Gender equity was at the forefront of the fifth Democratic debate. Vox: "In a marked contrast from several past debates, gender equity took center stage at Wednesday’s Democratic debate, which featured wide-ranging discussion about paid family leave, abortion rights, and the higher standards that women candidates must meet. Though Democrats’ 2020 presidential field is one of the most diverse in history, addressing gender disparities hasn’t always been a major focus on the debate stage, as Vox’s Anna North has written. Previous debates have barely glanced over subjects including equal pay. This week’s debate, only the third primary debate to ever feature an all-female panel of moderators, was different. It kicked off with a major moment on paid family leave, following a question on the subject of child care from the Washington Post’s Ashley Parker. As Parker noted, the costs of child care can be substantial for families. 'There are only two countries in the world that don’t have paid family leave for new moms. The United States of America and Papua New Guinea,' entrepreneur Andrew Yang emphasized. 'That is the entire list and we need to get off that list as as soon as possible.' Yang’s comment highlighted a startling reality: Among developed countries, the US is the only one that does not have a paid leave program, a policy that’s been shown to increase women’s workforce participation, reduce family’s reliance on public assistance, and improve children’s health outcomes. Sen. Kamala Harris emphasized just as much in her response on the topic, which called out the extensive work that women do on caregiving and how transformative paid leave could be for women’s ability to return to work."
RAICES Pays $2.1m In Bonds To Free Immigrants
Why one group is paying $2.1 million to free about 200 detained immigrants. CNN: "An advocacy group says it's paying $2.1 million so ICE will release some 200 detained immigrants in 20 states. The Texas-based nonprofit known as RAICES says it teamed up with a network of organizations and volunteers to make bond payments across the United States on Wednesday. Their aim: bringing more attention to the large number of immigrants who remain in US custody -- and giving hundreds of people a better shot at winning their cases 'It's ridiculous that people are coming to this country to seek safety, and they're having to pay these outrageous amounts of money,' said Blake Vera, interim director of the group's bond fund. 'We're stepping in to eliminate that financial obstacle.' The Refugee and Immigrant Center for Education and Legal Services, widely known as RAICES, drew national attention and millions of dollars in donations last year during the family separations crisis at the border. Based on the average contribution amount to the RAICES Bond Fund, more than 25,000 donors funded Wednesday's bond payments, the organization said."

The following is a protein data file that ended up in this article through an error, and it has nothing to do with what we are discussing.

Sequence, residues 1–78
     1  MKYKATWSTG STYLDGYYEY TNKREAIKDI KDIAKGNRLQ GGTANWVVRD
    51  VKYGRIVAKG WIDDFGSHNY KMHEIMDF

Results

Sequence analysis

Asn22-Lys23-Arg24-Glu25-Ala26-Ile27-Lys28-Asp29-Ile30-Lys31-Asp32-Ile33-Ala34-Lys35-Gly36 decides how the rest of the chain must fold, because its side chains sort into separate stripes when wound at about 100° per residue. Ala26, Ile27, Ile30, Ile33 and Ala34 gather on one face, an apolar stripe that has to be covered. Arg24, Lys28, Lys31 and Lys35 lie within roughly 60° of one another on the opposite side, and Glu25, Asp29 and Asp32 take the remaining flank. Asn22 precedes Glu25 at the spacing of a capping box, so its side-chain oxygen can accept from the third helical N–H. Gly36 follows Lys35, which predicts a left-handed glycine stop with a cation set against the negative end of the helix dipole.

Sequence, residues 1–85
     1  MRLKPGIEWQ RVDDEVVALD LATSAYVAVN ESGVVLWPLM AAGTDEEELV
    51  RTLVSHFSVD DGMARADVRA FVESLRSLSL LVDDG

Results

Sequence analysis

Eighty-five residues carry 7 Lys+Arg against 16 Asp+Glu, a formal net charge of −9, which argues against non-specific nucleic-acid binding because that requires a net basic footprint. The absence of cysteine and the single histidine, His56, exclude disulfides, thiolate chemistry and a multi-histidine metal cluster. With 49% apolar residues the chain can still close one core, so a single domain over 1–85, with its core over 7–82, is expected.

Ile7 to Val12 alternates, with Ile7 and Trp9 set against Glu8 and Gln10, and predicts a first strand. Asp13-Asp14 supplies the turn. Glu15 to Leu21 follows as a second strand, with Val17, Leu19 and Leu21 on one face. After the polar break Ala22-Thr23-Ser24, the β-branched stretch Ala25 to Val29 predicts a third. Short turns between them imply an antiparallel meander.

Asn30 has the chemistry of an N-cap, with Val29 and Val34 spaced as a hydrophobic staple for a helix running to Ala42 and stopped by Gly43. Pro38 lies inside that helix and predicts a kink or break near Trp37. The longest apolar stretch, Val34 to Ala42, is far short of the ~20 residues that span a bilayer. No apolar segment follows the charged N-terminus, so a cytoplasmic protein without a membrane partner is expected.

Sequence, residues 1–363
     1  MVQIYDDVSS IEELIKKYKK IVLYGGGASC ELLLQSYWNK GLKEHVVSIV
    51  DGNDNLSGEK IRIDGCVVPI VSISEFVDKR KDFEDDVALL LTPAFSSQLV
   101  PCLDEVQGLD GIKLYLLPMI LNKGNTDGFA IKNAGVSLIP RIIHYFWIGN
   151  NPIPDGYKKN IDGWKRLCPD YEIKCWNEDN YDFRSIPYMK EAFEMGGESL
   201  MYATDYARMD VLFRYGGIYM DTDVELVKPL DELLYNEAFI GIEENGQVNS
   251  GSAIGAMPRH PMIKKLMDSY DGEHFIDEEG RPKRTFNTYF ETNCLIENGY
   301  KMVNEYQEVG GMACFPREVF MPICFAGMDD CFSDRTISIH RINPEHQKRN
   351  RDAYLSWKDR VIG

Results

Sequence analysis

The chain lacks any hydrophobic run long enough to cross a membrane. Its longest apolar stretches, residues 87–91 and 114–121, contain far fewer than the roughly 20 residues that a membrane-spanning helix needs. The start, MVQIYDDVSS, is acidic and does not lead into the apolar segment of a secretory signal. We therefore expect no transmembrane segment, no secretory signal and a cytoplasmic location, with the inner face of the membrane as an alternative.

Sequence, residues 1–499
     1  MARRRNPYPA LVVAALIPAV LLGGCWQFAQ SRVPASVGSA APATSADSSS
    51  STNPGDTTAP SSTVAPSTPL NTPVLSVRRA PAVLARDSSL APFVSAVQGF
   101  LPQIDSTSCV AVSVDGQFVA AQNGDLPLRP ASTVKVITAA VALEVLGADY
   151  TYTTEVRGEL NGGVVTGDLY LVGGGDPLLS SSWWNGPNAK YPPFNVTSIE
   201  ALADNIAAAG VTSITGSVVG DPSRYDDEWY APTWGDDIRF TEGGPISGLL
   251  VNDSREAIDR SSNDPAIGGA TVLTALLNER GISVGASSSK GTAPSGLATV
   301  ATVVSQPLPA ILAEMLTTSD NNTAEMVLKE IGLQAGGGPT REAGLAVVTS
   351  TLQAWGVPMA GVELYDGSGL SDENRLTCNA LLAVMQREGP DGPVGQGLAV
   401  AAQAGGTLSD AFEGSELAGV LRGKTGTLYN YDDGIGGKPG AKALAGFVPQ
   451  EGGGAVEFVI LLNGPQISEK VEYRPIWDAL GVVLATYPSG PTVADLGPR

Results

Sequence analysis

AZ Activist Acquitted For Helping Migrants
Arizona border activist acquitted on charges of harboring two immigrants. CBS: "An activist was quickly acquitted Wednesday on charges he illegally harbored two Central American immigrants at a southern Arizona camp operated by a humanitarian group. The verdict by a jury in U.S. District Court came after jurors deliberated for about two hours in what was the second trial for Scott Warren. A mistrial was declared last June after a jury deadlocked on harboring charges. Warren was stoic after the verdict was read. 'The government failed in its attempt to criminalize basic human kindness,' Warren said outside of court. Warren was arrested in January 2018 by U.S. agents who were staking out a humanitarian aid station in Arizona known as 'The Barn,' where two Central American men had been staying for several days. The camp is run by a group that tries to prevent immigrants from dying in the desert. Warren, a member of the group No More Deaths, says the group's training and protocol prohibit advising migrants on how to elude authorities. He said his interest is in saving lives. 'We need to work within the spirit of humanitarian aid and within the confines of the law,' Warren said."